Native Plant FAQs
- Why native plants?
- Do I have to use native plants?
- Aren't native plants wild and messy?
- Can I just use flowers and not grasses?
- What will my planting look like in the wintertime?
- Will native plants take over my yard (or my neighbors' yards) like weeds?
- My plants don't stay where I put them. What can I do?
Why native plants?
Native plants are ideal for landscaping for many reasons. Because they have adapted to Indiana’s climate over thousands of years, they don’t need fertilizers to help them grow, can tolerate our cold winters and hot summers, have very deep roots that allow them to be more drought resistant, have developed defenses against harmful native insects, and can serve as habitats for native wildlife (consider planting for butterflies, hummingbirds, or songbirds). The deep roots of native plants also make them ideal for rain gardens because they create channels in the soil which allows water to soak in quickly and for shorelines because they stabilize the soil and help prevent erosion.
Do I have to use native plants?
You don’t have to use plants native to Indiana, but there are many advantages to doing so. Natives have adapted to our climate and are much better at handling the periodic inundation of water that goes along with a rain garden. They’ll also save you the time and money of replanting every year, and will offer much greater wildlife value. If you must use non-native plants, be careful to avoid known invasive species. Invasive species can crowd out and out-compete native species, creating a monoculture of one type of plant and potentially spreading into nearby native plant areas which then creates a habitat problem for local wildlife. Before planting exotic species, always check the list of common noxious/invasive plants for Indiana. The Indiana Native Plant Society, Indiana Department of Natural Resources, Purdue University and Indiana Invasive Species Council all maintain lists of Indiana’s noxious and invasive plants you need to avoid.
Aren't native plants wild and messy?
Any planting with native plants does tend to have a more natural look rather than a manicured appearance, but they do not need to look messy. You can keep a rain garden or shoreline looking neat and attractive by keeping the edges well defined. Taller plants often have a more unkempt appearance, so use shorter plants if you want your garden to have a cleaner look. As an owner, you will need to stay on top of weeding, especially in the first few years. Plants with shorter heights can also be selected to produce a more manicured look. Likewise using fewer species may also result in a more manicured look. Be sure to check out our sample planting plans below for example rain garden and shoreline designs.
Can I just use flowers and not grasses?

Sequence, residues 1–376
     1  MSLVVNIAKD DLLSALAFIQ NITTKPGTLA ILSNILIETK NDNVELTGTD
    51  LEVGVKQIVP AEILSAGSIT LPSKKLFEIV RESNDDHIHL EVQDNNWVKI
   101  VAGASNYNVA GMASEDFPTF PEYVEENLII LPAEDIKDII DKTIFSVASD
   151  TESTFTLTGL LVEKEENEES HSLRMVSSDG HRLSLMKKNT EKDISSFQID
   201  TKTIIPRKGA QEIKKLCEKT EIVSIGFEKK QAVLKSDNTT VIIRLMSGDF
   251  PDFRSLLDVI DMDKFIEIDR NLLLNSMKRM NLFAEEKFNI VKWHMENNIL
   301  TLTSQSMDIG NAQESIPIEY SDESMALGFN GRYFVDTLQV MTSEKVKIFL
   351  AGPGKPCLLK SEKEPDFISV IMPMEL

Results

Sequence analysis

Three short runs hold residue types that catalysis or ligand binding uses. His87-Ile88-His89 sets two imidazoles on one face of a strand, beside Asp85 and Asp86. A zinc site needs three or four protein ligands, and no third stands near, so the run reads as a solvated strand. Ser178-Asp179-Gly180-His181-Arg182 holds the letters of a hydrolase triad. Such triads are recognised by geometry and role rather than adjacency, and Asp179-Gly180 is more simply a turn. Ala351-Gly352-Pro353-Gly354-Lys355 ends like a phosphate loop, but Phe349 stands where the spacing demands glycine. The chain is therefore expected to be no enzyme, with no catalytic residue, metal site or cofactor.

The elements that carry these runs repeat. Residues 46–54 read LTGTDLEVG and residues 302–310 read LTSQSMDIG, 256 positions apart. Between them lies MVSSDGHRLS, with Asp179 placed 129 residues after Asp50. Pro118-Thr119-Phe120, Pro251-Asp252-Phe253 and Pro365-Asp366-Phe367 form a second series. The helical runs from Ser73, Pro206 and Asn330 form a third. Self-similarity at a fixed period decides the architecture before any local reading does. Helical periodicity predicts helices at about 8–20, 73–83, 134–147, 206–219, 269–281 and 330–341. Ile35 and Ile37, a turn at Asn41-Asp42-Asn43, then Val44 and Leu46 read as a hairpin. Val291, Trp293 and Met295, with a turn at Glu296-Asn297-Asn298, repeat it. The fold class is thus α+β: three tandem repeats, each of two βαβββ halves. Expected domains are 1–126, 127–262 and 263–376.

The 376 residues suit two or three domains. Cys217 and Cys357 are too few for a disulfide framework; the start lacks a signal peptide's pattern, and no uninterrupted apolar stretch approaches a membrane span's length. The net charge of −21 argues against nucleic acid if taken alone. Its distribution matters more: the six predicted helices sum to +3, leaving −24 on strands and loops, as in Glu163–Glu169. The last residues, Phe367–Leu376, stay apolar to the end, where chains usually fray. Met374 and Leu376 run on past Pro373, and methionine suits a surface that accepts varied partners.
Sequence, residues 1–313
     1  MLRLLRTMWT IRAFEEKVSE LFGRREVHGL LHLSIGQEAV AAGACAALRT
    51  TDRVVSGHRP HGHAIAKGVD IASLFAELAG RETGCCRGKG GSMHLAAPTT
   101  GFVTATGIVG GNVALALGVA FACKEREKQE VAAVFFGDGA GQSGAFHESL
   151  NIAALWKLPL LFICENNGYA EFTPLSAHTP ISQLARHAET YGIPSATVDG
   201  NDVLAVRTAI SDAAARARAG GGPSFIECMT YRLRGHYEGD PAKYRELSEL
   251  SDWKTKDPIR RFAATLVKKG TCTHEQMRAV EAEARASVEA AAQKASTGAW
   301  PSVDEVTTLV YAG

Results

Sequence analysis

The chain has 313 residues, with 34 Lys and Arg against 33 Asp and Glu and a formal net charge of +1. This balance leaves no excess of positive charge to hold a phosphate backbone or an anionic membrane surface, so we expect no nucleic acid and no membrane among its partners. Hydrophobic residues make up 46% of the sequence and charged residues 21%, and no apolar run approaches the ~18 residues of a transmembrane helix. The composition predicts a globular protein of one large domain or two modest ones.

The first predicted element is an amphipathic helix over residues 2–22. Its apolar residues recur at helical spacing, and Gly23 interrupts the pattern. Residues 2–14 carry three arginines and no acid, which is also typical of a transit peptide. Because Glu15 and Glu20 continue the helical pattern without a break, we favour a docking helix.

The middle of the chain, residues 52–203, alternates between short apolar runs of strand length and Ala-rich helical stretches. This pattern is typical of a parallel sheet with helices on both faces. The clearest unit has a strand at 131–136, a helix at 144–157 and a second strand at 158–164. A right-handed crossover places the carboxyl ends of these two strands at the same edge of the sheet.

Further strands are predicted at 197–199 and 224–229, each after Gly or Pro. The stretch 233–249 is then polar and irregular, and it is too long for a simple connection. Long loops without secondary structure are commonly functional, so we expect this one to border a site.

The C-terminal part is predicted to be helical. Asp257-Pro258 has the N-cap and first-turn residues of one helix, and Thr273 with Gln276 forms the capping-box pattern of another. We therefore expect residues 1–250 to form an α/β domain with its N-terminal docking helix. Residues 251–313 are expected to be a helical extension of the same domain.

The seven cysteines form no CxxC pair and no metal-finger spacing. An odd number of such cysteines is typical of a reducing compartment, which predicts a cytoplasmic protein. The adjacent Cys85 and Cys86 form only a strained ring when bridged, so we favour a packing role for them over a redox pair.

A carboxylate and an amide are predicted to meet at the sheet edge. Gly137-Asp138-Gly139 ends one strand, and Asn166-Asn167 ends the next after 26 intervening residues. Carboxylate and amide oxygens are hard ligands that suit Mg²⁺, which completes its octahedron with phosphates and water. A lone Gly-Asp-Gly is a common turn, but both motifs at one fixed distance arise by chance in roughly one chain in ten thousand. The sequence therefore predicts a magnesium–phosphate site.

Yes, but this will decrease the efficacy and depth of roots for infiltration and soil stabilization. Many beautiful flowers depend on shorter grasses for support and nutrient uptake as well. We call these companion grasses. Some are short and provide a lot of visual interest by turning autumn colors and moving softly in a breeze.
What will my planting look like in the wintertime?
That depends on how you maintain them. To provide wildlife food and shelter throughout the year, you should leave dead stalks and seed heads standing until early spring and then cut them down before new growth starts. If you do this, your planting will look like a stand of tan vegetation with some seed heads here and there. While some people do not appreciate this look, it can be quite stunning and interested after a fresh snow. Additionally, when an American Goldfinch is perched on an old seed head, you can’t help but be happy you left it standing.
If you choose, you may cut the stalks down in late fall or early winter, and your planting will look like a wildflower area that’s been trimmed down.
Will native plants take over my yard (or my neighbors' yards) like weeds?
No, many natives are not aggressive. In fact, many are struggling to compete with non native plants in the wild, so providing a habitat for them is good stewardship. Ironically, one challenge will be to keep turf grass species out of the rain garden. Choose rain garden plant varieties that are not aggressive and mow the area around the garden. NOTE: many native plants are highly sensitive to tiny traces of weed killers. You may see curling and damage to your new plants if you or a nearby neighbor sprays weed killer.
My plants don't stay where I put them. What can I do?
Gardening with native plants is not the same as traditional gardening. Remember the goal is to provide a dense vegetative cover that looks beautiful and treats storm water runoff. You can choose plant varieties that stay put, or you can let the plants choose where they flourish. If you feel you need to remove seeds of varieties that replant via seeds, simply cut off the seed heads once flowering is complete.